9 Sitcom Moms From The '80s That We'll Never Forget

by Nicole Johnson
Originally Published: 
9 Sitcom Moms From The '80s That We'll Never Forget

The sitcom mothers of the ’80s were a diverse group, representing a wide range of lifestyles. But whether working or staying at home, single or married, wealthy or working class, these ladies knew what it meant to be mothers. They packed lunches, climbed corporate ladders, solved problems, sat their kids down for “the talk,” and inspired all of us to dream bigger than we believed we could.

TV moms of the ’80s were in many ways similar to our own mothers. This made sense since they were, in large part, based on our mothers—modern, progressive women who had shaped our past and were changing our present. They were our role models as we played house and envisioned ourselves as mothers, wives, and adult women. In short, they were pioneers. Here are just a few that we’ll always love:

1. Elyse Keaton, Family Ties

Elyse was a successful architect who, at one time, was a part of the 1960s counterculture movement. This former flower child could also play guitar and sing a mean folk song. The woman who once preached peace had conflicting emotions as she tried to balance her career, her family, and her feminist ideologies. With each passing season, she proved to us that women could handle anything, just as she did with her later-in-life pregnancy—baby number four.

2. Roseanne Conner, Roseanne

Roseanne didn’t have a college education, but she worked hard. Her role as a working-class mom made her relatable. For many of us, she was the closest to real that any sitcom mother had ever managed to get. The Conner family often reminded us of our own. Roseanne and Dan’s marriage wasn’t always perfect, and her kids didn’t always behave, but still, her family survived as she took different jobs to pay the bills. Roseanne understood that it wasn’t really important to have it all, because sometimes having just what you needed was enough.

3. Clair Huxtable, The Cosby Show

Clair had it all—a job as a lawyer, where she was just as successful as her own doctor husband, and the respect and love of her five children. She was a strong, well-spoken, intelligent woman we could all look up to. And she was funny. Her sense of humor was the key to a parenting style many ’80s mothers tried to emulate. Clair was the mother we wanted our own mothers to be, and the sort we hoped we would someday become.

4. Norma Arnold, The Wonder Years

Norma, while an ’80s sitcom mom, portrayed a mother in the 1960s and ’70s. She showed us what it was like before and during the burgeoning women’s movement. This trailblazer went from doting and nurturing housewife to college student and, eventually, Ford executive. Her inspiring evolution demonstrated to all of us that labels need not define us, and that no matter the decade or circumstance, women could be or do anything they wanted.

5. Valerie Hogan, Valerie

Valerie was a working mother with three active boys and an airline pilot husband who traveled often. While a success, Valerie showed us that life as a mother and woman wasn’t always easy. She did her best to balance the hardships and joys of parenthood and marriage. Her attitude, more than many other ‘80s sitcom moms, reflected that of our own mothers, as she was frequently overwhelmed by the demands of modern motherhood. It wasn’t until we became mothers ourselves that we realized just how relatable she was.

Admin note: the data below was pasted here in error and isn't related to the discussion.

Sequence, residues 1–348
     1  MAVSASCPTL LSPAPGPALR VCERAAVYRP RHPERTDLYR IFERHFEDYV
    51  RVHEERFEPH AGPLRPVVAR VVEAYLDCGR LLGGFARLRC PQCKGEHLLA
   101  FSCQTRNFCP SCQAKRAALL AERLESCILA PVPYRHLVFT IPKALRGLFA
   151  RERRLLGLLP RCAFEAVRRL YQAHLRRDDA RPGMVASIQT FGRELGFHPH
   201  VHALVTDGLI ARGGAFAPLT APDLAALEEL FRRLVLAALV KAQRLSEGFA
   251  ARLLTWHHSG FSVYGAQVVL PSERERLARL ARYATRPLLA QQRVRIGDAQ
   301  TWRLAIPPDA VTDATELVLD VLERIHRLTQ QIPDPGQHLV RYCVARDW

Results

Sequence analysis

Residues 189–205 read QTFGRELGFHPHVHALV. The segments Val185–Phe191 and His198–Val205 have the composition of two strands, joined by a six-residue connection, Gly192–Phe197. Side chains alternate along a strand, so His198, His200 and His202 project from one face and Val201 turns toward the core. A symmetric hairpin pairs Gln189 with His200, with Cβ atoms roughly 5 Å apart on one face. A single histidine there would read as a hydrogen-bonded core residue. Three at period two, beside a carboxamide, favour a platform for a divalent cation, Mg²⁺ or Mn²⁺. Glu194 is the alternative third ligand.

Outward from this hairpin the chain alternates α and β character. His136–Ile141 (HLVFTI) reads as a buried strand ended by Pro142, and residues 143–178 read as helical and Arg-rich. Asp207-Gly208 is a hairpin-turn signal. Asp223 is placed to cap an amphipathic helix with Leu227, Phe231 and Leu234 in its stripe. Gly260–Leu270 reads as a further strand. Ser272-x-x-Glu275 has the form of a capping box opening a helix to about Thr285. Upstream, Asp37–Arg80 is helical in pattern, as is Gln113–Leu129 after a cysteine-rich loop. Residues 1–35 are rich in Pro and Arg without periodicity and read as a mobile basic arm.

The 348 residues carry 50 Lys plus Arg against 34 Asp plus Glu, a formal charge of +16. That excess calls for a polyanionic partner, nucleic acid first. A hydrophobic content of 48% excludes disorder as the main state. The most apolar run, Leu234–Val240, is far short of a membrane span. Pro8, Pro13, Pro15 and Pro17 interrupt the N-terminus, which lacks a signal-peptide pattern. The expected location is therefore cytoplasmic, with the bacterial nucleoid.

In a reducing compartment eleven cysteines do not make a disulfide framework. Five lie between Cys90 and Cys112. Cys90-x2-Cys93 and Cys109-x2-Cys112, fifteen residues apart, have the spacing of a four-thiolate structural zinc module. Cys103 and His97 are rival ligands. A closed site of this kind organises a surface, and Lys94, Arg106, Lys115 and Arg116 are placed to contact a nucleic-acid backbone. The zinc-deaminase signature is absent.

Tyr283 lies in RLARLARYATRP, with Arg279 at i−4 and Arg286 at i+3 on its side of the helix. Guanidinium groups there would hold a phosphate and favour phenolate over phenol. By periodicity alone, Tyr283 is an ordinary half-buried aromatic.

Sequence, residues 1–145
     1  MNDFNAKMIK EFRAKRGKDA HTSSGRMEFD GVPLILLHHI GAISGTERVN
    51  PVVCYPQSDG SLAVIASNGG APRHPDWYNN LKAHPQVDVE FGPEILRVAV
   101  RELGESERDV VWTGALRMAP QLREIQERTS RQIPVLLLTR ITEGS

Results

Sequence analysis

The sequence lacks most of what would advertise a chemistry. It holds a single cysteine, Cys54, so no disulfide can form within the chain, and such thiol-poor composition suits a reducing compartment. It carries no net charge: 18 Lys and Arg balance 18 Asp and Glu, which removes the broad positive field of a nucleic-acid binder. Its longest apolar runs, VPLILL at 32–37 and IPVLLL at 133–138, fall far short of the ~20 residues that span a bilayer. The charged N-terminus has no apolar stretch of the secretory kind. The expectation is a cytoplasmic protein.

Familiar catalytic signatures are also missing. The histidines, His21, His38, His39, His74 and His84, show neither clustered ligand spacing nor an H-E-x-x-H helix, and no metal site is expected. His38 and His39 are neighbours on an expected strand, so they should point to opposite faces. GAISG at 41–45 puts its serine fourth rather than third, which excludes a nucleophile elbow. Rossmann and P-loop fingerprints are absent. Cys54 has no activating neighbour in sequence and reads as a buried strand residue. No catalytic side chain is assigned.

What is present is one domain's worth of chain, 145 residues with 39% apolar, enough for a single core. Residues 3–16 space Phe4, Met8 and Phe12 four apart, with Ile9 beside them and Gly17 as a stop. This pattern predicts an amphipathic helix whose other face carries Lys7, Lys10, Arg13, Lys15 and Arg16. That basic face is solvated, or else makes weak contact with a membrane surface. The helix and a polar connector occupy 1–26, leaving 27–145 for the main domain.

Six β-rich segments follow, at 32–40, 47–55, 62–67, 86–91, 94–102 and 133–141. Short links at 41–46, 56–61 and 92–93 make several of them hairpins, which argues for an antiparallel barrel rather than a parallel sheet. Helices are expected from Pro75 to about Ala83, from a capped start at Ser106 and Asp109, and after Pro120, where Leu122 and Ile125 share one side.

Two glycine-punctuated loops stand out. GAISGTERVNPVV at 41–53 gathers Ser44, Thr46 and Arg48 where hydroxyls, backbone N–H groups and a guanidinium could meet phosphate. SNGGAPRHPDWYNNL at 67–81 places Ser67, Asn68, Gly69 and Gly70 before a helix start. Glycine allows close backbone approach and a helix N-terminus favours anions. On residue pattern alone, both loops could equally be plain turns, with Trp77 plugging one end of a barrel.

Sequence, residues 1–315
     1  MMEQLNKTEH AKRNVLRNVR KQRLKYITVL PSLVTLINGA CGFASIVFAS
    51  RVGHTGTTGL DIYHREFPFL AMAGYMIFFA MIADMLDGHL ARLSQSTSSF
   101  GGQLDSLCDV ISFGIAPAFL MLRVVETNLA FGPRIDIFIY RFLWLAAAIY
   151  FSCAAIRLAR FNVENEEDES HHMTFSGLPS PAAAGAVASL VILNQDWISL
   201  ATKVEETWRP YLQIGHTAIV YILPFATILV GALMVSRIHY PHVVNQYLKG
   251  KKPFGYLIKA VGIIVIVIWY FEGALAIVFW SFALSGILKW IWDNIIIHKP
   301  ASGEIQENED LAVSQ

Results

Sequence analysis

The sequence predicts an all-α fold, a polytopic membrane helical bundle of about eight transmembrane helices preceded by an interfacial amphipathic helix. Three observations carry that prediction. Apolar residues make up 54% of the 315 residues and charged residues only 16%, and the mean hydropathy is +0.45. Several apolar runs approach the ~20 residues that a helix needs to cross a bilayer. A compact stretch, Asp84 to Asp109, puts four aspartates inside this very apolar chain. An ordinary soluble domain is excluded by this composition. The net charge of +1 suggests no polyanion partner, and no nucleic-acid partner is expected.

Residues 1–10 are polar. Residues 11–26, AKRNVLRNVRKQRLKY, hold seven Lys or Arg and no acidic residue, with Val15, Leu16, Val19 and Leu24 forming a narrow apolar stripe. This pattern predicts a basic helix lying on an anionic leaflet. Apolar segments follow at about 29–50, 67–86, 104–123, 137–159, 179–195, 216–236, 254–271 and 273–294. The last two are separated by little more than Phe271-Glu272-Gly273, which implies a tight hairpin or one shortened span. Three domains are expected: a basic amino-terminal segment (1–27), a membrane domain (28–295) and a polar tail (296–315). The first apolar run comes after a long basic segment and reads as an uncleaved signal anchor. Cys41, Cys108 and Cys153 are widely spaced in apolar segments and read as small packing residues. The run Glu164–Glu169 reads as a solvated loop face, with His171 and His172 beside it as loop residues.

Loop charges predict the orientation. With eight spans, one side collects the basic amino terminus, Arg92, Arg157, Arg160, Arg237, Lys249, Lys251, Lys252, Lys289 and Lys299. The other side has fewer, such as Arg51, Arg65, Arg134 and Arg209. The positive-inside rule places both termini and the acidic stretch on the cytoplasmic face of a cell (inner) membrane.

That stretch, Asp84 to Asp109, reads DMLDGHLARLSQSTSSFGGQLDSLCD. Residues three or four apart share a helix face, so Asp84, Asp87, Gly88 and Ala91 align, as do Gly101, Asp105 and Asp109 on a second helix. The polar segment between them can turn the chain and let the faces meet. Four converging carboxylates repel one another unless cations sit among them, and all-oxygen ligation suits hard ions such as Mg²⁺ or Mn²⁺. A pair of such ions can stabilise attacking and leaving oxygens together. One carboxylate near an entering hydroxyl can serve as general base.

6. Kate and Allie, Kate & Allie

This was a show about a pair of friends who moved in together after both divorced and had to start over. Their blended family consisted of the two women plus their three children who didn’t always get along. The way they surmounted their daily struggles made them our heroes. Kate and Allie were also very different from each other, a complete oddball couple, but they showed us what a healthy, adult female friendship is supposed to look like.

7. Ann Romano, One Day at a Time

Ann was a divorced, single mother raising her two teenage daughters in Indianapolis. She dealt with difficult issues with honesty and grace, though Ann also showed us what imperfect motherhood looked like. She taught us that, when it comes to parenthood, the answers aren’t always easy, but that doesn’t mean we should give up. Ann addressed controversial issues like birth control and sex head on. We admired her spunk, and now, as mothers, we understand her frustrations because we share many of the same ones.

8. Peg Bundy, Married With Children

Peg was truly one of a kind, a real firecracker. She made our own mothers seem downright conservative in comparison. She smoked, drank, talked openly about sex, and wore whatever the hell she wanted. Her lackadaisical parenting allowed for more time on the couch at her spot in front of the television. This wacky but wonderful mother loved her kids and her husband, we were sure, but she simply wasn’t the doting type. While she might not have set the most stellar parenting example, Mrs. Bundy sure did make us laugh, and we’ll never forget her.

9. Bev Goldberg, The Goldbergs

While technically not an ’80s sitcom mom, Bev is a 21st -century sitcom mom living in a 1980s world. Both crazy and protective, Bev is the original Smother, but her heart is in the right place. More busybody than helicopter parent, she is involved in every single aspect of her children’s lives. Bev reminds us of how much our mothers loved us and how often we took them for granted.

1980s sitcom moms were the best of the best. They showed us what it meant to be wives, mothers, and thoroughly modern women. The made us cringe, laugh, and cry. They helped us identify with our moms during our turbulent tween and teen years. And, thanks to them, we got the tiniest of inklings that perhaps being a mother wasn’t quite as simple as our own mothers made it seem.

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